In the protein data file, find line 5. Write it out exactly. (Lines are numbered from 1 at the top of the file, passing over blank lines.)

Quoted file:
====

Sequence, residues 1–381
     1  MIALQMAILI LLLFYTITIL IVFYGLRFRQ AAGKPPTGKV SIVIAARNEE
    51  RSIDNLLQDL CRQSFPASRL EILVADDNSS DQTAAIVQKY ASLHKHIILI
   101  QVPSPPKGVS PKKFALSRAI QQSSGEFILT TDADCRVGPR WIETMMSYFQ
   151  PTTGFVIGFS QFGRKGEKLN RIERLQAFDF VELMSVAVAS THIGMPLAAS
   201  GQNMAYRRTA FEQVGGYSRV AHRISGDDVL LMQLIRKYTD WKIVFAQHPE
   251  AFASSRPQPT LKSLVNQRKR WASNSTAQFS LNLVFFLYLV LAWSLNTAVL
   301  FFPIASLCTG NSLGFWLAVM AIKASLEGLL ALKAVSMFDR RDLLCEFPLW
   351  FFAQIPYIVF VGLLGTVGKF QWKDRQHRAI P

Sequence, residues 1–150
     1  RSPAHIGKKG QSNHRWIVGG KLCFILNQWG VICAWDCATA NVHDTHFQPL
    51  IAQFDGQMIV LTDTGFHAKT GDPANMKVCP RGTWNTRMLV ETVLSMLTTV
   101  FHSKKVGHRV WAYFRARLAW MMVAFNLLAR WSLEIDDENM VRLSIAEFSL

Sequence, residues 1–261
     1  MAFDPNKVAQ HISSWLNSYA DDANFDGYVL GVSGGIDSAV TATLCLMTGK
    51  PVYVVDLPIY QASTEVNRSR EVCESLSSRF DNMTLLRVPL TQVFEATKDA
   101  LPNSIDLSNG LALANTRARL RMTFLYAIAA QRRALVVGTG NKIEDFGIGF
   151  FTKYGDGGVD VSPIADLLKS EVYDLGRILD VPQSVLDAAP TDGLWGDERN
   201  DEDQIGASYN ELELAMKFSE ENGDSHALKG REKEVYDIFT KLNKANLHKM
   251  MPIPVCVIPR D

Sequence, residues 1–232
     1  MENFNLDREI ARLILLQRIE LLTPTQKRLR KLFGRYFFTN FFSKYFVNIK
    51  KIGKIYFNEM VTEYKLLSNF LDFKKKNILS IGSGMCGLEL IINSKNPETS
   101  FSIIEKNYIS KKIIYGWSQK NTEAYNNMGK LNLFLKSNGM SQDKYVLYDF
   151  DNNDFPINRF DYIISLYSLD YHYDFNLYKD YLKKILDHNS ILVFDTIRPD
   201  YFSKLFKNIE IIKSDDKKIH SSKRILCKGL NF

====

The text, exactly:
   151  PTTGFVIGFS QFGRKGEKLN RIERLQAFDF VELMSVAVAS THIGMPLAAS